Breast cancer prevention starts with healthy habits — such as limiting alcohol and staying physically active. Understand what you can do to reduce your breast cancer risk.
If you’re concerned about breast cancer, you might be wondering if there are steps you can take toward breast cancer prevention. Some risk factors, such as family history, can’t be changed. However, there are lifestyle changes you can make to lower your risk.
What can I do to reduce my risk of breast cancer?
Lifestyle changes have been shown in studies to decrease breast cancer risk even in high-risk women. The following are steps you can take to lower your risk:
• Limit alcohol. The more alcohol you drink, the greater your risk of developing breast cancer. The general recommendation based on research on the effect of alcohol on breast cancer risk is to limit yourself to less than 1 drink per day as even small amounts increase risk.
• Don’t smoke. Accumulating evidence suggests a link between smoking and breast cancer risk, particularly in premenopausal women. In addition, not smoking is one of the best things you can do for your overall health.
• Control your weight. Being overweight or obese increases the risk of breast cancer. This is especially true if obesity occurs later in life, particularly after menopause.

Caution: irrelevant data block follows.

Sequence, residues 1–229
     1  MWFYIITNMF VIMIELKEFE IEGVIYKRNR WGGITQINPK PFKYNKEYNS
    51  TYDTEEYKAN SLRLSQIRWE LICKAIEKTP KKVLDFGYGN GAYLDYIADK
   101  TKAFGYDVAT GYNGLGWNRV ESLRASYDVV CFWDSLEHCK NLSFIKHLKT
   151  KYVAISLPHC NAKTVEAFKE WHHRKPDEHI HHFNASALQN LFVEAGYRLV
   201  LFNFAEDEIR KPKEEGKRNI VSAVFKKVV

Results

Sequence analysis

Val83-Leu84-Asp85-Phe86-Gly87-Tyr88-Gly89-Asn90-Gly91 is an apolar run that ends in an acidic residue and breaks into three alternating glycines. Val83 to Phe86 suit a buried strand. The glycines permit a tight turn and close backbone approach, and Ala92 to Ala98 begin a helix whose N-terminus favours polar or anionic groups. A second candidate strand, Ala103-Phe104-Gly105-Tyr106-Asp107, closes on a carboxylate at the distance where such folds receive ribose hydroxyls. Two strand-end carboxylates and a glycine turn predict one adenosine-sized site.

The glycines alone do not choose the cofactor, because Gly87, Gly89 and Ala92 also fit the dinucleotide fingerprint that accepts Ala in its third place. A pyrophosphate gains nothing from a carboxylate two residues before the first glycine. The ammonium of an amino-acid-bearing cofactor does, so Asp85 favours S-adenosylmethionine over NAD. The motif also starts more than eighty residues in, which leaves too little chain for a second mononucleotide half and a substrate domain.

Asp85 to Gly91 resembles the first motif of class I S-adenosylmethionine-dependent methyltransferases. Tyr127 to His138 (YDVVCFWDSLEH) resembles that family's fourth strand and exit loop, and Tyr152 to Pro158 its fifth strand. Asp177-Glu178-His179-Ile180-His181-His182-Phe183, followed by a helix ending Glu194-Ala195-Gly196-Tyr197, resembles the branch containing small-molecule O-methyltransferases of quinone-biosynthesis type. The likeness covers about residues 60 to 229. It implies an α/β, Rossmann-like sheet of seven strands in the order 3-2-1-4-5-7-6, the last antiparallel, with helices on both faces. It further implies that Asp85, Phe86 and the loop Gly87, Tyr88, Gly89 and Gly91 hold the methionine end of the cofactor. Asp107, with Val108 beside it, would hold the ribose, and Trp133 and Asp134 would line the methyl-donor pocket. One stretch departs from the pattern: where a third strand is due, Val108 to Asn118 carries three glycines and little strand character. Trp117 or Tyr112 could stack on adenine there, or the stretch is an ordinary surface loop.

• Be physically active. Physical activity can help you maintain a healthy weight, which, in turn, helps prevent breast cancer. For most healthy adults, the Department of Health and Human Services recommends at least 150 minutes a week of moderate aerobic activity or 75 minutes of vigorous aerobic activity weekly, plus strength training, at least twice a week.
• Breast-feed. Breast-feeding might play a role in breast cancer prevention. The longer you breast-feed, the greater the protective effect.
• Avoid exposure to radiation and environmental pollution. Medical-imaging methods, such as computerized tomography, use high doses of radiation. While more studies are needed, some research suggests a link between breast cancer and radiation exposure. Reduce your exposure by having such tests only when absolutely necessary.
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